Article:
Theme for 2007
But the nuisance goose season opener, Sept. 1, has come and gone and without my presence gracing a Michigan river bottom.
With finances in mind, as well as a concerned wife, I opted to drop waterfowl from the 2007 hunting agenda.
I know, you're asking, "Mac, how could you let your wife bully you out of a fun season like that?"
If you really need me to answer that question, well, I guess you'll just have to keep asking.
Besides, I have plenty of cool hunts on tap, and really do have to watch my wallet these days.
(For the 2007 itinerary, keep watching for it on www.macshuntingmag.com)
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To hunt is instinctive with humans, particularly in the male species.
For this native Michiganian, this inherrent quality was first triggered by my grandmother at her cottage on Bear Lake in Manistee County in the '70s.
She handed me a brand-spanking new Daisy air gun and said, "Remove the pesky chipmunks from my seawall, grandson."
Sure, there's not a whole lot of hunt in that (mucho fun though) -- but there is an element of ambush. Waiting for the damaging rodents to stick up their "cute" little heads from their burrows, being true with the shot and Plunk! back down their holes the varmints would go, their heads filled up with copper-plated pellets.
Grandma was happy, and so was I. Entertainment it was during the dog days of summer at the lake for a pre-adolescent boy.
And here we go one more time as late summer nears the onset of fall, preparing to draw off of this basic trait while undertaking another round of autumn endeavors.
With this in mind, to be wild was what I was initially thinking would be the Mac's Online Hunt Mag's theme for the 2007.
But then I started thinking how this might have some readers envisioning me swinging from trees and hunting in a loin cloth with spear in hand. (Hmmm. Maybe readers see me this way regardless. Oh, well.)
My intention is to stress the simplistic approach in my hunts. So, instead, I'm going with basic Mac. No frills, nor high-tech stuff. (Sorry, I will be using my new Knight .50-cal inline. Hey, I've been paying for weeks on that thing, and that's that.)
Anyway, I'm hoping this will make sense to readers. Tell me if it does or doesn't, I'd love to hear from you.
I haven't quite figured out how I will do so when bird hunting since I have yet to purchase a black-powder shotgun, nonetheless I will use bow and muzzleloaders on deer and other big game, as previously noted.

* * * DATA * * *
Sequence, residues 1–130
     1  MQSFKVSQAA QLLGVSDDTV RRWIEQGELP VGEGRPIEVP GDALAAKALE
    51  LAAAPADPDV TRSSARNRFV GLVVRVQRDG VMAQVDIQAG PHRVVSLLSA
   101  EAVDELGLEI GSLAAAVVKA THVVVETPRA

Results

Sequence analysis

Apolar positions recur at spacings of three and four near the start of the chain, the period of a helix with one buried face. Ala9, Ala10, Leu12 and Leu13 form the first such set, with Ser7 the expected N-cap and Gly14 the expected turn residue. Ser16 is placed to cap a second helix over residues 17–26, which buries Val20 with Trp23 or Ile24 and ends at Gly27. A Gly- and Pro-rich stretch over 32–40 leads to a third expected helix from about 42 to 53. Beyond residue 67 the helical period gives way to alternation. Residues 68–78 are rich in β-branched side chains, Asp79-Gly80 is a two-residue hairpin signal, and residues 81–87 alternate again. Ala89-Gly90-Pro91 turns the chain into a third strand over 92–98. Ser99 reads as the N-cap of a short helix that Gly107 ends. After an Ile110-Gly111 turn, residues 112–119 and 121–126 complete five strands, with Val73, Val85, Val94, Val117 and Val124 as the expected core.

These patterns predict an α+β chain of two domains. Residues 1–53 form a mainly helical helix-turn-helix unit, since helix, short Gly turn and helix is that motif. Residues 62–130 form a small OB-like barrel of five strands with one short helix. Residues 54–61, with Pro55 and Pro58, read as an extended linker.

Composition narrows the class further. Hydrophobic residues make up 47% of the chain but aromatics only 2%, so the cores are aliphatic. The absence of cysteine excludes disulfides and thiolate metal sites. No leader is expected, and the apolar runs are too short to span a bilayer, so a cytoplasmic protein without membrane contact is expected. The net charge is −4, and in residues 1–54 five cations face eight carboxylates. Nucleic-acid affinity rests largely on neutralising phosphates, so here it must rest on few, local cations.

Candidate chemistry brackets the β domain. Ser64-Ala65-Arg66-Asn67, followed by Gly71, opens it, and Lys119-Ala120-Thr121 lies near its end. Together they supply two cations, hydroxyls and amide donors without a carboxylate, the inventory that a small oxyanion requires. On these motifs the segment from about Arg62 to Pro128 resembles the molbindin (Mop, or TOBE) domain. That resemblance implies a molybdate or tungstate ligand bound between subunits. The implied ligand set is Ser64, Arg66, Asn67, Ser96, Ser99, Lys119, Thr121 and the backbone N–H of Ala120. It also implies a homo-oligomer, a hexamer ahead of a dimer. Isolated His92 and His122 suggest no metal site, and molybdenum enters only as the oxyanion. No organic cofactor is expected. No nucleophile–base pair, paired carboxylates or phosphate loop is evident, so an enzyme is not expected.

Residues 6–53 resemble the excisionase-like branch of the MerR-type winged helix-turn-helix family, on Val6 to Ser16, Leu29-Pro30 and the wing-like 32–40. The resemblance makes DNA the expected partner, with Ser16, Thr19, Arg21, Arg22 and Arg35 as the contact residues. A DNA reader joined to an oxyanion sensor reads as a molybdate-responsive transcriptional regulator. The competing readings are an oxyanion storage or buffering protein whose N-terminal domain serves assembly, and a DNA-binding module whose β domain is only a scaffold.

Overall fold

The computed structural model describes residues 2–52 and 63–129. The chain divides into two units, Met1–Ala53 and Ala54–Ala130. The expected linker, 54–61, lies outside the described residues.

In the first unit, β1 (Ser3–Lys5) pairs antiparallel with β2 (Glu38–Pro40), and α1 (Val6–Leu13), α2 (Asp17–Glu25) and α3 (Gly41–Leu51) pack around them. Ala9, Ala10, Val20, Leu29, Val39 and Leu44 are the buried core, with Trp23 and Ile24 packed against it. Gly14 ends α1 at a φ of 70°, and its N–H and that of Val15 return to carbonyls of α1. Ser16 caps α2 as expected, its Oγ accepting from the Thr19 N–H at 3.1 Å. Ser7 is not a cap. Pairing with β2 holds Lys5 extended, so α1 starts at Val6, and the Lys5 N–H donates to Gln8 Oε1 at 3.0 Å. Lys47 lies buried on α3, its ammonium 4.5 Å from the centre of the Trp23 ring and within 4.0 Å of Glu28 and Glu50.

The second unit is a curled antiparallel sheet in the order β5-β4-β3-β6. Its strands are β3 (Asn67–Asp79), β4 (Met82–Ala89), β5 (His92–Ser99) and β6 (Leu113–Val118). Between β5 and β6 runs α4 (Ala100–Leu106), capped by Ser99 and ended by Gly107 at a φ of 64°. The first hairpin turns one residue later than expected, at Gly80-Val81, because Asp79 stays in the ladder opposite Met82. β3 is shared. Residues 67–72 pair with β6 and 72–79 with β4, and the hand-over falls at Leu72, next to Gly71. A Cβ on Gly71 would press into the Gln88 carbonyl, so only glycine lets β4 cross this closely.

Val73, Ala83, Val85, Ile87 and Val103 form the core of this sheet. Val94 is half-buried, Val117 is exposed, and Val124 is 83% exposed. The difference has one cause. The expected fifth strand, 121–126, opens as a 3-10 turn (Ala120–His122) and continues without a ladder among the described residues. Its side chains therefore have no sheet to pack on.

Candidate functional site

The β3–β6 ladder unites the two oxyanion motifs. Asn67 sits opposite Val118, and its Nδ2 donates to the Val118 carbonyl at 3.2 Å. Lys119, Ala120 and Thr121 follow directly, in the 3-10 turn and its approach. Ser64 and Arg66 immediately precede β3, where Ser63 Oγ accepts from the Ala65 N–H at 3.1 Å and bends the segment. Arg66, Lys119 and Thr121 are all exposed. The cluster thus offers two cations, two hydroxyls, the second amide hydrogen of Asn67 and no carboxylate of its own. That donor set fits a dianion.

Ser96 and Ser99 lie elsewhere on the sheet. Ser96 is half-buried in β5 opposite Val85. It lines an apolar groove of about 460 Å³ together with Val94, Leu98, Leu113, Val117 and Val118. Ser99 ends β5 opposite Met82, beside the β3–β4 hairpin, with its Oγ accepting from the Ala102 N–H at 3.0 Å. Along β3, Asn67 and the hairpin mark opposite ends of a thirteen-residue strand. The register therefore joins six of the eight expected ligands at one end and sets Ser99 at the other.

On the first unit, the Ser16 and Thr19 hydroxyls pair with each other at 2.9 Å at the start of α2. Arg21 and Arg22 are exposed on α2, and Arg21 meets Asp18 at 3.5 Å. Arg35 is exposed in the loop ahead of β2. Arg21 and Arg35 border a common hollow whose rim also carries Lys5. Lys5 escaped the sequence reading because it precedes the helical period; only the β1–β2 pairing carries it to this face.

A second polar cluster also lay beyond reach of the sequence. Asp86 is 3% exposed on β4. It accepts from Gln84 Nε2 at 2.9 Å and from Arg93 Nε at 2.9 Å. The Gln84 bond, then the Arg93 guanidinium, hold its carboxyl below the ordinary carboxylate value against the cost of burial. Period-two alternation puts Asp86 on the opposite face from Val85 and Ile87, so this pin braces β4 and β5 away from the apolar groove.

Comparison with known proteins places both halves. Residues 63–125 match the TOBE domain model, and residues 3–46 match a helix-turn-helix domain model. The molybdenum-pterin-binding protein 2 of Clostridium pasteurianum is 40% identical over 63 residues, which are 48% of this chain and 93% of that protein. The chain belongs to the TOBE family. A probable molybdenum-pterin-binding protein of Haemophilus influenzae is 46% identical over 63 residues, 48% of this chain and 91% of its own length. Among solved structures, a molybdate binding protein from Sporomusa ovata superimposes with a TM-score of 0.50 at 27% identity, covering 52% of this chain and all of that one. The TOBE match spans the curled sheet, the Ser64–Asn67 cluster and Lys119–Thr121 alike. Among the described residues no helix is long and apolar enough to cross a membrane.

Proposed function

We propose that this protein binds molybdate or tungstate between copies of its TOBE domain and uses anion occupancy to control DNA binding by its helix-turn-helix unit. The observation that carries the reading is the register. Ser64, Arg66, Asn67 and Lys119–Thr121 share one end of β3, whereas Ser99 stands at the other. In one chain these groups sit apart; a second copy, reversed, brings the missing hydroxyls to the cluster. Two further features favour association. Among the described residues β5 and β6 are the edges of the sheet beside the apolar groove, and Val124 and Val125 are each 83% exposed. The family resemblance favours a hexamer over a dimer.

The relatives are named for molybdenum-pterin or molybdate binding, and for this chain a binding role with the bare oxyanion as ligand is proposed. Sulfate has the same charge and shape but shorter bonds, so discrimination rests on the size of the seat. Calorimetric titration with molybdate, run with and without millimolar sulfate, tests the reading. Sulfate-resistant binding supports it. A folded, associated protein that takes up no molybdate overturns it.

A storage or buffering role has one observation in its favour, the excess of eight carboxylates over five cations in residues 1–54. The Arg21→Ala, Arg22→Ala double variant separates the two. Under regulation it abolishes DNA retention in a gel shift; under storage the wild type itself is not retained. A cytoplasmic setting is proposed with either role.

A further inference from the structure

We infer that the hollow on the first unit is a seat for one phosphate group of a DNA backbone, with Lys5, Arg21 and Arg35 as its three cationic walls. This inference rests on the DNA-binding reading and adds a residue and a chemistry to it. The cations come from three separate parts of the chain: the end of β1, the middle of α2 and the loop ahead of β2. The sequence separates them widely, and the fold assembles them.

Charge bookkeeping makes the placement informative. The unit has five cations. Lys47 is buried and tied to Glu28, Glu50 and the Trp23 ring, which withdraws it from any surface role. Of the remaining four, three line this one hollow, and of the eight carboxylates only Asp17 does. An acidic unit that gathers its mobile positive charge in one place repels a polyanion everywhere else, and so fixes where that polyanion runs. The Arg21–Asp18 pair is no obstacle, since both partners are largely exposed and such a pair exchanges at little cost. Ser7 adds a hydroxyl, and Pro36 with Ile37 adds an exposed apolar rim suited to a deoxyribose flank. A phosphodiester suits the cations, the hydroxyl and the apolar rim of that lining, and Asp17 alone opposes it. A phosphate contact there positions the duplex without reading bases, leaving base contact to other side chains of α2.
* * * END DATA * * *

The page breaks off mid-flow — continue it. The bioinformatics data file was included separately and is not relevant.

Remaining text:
This concept is not of the strange and unexplained since I hunt mostly primitive weapons anyway, but I want to stess an appreciation for how close one must get to game. There is a science and knowledge involved in beating the radar of a mature buck. Our ancestors had to use these same techniques years ago.
For me, the primal order begins with an Upper Peninsula bear hunt while sporting a .50-cal muzzleloader. This would have went along nicely with my original theme plans. It can't get anymore wild than this in Michigan.
At the moment, I'm in unit where I know very little. Not good.
Whereas in 2005, I went a week with a guide, spent my $850 and was in very knowledgeable hands. These awesome people showed me the ropes and accommodated me the best they could, yet I still ended up bear-less.
The hotter than usual temperatures surely didn't help, and I can't help but thinking there wasn't anything more they could've done to overcome such an obstacle. It was 80 and above nearly every day. My Scent-Lok suit worked overtime, yet the bears were inactive and my rec room remains without a rug.
For this hunt I'm hesitant to drop as much coin down. I'm sure some will say: Big mistake.
It didn't help me in 2005.
Another reason why I want to go a little lighter is I only can make it to this unit for two days.
So as the time winds down closer to the September hunt, I'm left with trying to make the best of a shortened hunt with my Baraga County guide and being just plain old me.
Let the hunts begin.